Moy RL, Levenson C, So JJ, Rock JA
Journal of Drugs in Dermatology, 2012
A proprietary topical blend of salicylic acid and highly purified sandalwood oil from Australia was used in this open-label study in adolescents and adults with mild to moderate facial acne.
The investigational regimen consisted of a foaming cleanser, an acne serum, a spot treatment, and a mask. Patients applied the treatment regimen as directed for 8 weeks. The primary efficacy measure was the percentage of patients assessed as improved, much improved, or very much improved according to the Global Aesthetic Improvement Scale (GAIS) ratings at week 8. Severity was rated using the Evaluator’s Global Severity Scores (EGSS) at baseline and weeks 2, 4, and 8. Tolerability was assessed at baseline and weeks 2, 4, and 8 by asking patients to rate the severity of itching, scaling, erythema, burning, dryness, and stinging. Patients were also asked to complete an acne questionnaire.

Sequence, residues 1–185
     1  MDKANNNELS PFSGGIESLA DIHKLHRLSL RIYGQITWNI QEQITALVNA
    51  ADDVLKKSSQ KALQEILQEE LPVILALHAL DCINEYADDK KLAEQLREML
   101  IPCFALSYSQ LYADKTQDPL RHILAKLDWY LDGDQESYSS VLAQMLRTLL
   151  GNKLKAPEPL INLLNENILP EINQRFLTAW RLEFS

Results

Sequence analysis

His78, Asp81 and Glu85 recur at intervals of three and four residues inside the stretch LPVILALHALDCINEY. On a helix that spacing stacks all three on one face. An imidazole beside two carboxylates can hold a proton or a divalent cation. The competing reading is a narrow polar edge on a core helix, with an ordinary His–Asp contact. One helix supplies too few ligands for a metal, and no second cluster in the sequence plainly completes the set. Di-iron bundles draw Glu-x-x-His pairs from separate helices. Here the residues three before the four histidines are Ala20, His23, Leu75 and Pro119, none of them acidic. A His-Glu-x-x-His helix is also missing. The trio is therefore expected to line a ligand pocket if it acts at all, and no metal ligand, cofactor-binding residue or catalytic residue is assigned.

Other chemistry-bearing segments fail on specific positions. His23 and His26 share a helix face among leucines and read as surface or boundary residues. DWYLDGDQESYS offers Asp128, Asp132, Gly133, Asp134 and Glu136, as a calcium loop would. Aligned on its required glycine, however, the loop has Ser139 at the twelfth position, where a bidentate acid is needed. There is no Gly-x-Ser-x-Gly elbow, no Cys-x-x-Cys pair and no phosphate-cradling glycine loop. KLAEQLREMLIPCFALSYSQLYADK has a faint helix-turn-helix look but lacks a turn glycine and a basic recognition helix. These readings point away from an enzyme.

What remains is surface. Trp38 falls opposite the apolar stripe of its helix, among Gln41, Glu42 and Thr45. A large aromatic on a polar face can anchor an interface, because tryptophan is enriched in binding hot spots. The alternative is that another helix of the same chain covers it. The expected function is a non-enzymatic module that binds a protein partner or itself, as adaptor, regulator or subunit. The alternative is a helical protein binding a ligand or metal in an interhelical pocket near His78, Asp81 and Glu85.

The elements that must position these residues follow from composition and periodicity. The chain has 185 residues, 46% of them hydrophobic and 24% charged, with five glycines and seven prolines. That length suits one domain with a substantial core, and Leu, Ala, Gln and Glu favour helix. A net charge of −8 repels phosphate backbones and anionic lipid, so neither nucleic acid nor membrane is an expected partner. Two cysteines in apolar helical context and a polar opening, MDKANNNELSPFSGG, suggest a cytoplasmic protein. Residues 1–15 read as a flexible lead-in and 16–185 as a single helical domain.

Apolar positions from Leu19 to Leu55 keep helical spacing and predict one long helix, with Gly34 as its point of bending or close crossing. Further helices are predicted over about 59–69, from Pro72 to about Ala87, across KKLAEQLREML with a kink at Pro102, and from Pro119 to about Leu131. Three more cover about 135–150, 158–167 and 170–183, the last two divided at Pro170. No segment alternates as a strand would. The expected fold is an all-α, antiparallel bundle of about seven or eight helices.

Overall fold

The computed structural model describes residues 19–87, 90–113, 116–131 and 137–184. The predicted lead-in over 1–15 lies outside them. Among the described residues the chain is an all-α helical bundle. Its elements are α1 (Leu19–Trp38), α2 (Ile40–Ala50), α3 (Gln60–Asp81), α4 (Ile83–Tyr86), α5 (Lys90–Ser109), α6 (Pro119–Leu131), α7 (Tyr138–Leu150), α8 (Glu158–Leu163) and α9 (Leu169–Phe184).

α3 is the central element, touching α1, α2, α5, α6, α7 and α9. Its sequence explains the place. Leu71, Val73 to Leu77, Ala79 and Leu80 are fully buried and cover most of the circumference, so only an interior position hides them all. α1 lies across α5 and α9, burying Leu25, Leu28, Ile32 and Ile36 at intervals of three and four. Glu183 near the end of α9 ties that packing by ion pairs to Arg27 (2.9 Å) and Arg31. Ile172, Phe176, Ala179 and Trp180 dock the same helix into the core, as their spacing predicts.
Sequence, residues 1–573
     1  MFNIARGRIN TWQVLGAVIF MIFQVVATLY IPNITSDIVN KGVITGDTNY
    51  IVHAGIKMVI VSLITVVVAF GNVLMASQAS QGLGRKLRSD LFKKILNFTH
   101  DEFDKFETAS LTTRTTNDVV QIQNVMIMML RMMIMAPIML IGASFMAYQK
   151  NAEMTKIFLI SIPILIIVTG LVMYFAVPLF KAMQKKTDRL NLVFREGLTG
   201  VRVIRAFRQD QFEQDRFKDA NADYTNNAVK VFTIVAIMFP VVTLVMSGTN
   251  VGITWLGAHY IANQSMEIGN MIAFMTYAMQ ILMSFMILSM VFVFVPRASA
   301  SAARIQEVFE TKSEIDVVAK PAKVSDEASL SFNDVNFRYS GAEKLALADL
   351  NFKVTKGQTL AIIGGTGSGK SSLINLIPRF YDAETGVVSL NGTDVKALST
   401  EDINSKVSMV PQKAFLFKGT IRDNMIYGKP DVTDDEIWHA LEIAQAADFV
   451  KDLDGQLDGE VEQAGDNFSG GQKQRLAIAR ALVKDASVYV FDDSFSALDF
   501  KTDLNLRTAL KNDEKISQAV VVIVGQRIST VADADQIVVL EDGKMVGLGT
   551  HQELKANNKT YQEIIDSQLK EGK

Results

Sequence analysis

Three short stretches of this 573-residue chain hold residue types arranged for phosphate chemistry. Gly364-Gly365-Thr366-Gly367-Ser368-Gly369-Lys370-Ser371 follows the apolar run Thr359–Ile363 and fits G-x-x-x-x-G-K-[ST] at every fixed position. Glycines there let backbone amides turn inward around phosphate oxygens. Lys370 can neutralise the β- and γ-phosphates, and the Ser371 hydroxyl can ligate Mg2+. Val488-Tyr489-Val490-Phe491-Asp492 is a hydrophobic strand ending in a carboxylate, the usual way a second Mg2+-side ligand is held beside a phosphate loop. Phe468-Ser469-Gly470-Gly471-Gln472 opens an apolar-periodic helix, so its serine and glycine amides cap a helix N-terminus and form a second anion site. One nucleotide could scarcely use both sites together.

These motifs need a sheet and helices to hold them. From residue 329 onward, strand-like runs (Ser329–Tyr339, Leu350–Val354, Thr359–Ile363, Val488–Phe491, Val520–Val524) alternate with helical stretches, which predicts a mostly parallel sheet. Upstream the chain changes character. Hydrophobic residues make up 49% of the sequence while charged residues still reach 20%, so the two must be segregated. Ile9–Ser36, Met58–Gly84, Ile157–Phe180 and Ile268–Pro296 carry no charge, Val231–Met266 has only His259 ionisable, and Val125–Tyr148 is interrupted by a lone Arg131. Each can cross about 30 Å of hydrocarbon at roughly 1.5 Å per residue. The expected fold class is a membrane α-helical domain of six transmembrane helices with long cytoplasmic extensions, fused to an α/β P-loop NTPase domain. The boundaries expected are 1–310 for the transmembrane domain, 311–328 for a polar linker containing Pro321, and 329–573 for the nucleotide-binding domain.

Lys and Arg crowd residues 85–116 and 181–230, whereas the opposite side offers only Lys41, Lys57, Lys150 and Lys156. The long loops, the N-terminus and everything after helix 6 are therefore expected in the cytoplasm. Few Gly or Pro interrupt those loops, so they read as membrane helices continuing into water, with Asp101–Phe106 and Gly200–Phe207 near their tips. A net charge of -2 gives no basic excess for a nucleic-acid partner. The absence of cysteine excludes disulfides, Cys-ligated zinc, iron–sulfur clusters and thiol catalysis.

89.4% (42/47) met the primary end point determined by the GAIS of improved (66%), much improved (19%), or very much improved (4%). Notable reductions in lesion counts were observed in patients with more severe or inflamed lesions. Tolerability was queried at all visits. No itching, scaling, or erythema was reported after initial application. Symptoms of intolerability peaked at week 2; however, most events were mild to moderate and were typically reported with use of the mask component. Intolerance decreased by week 4 and by week 8. The treatment regimen was well tolerated by patients.
Results from this study support the use of a proprietary investigational regimen in patients with mild to moderate acne and warrant further investigation to determine whether longer-term therapy (ie, beyond 8 weeks) results in enhanced efficacy with minimal side effects, leading to continued patient compliance and skin improvement.
Moy RL, Levenson C, So JJ, et al. Single-center, open-label study of a proprietary topical 0.5% salicylic acid-based treatment regimen containing sandalwood oil in adolescents and adults with mild to moderate acne. J Drugs Dermatol. 2012;11(12):1403-1408.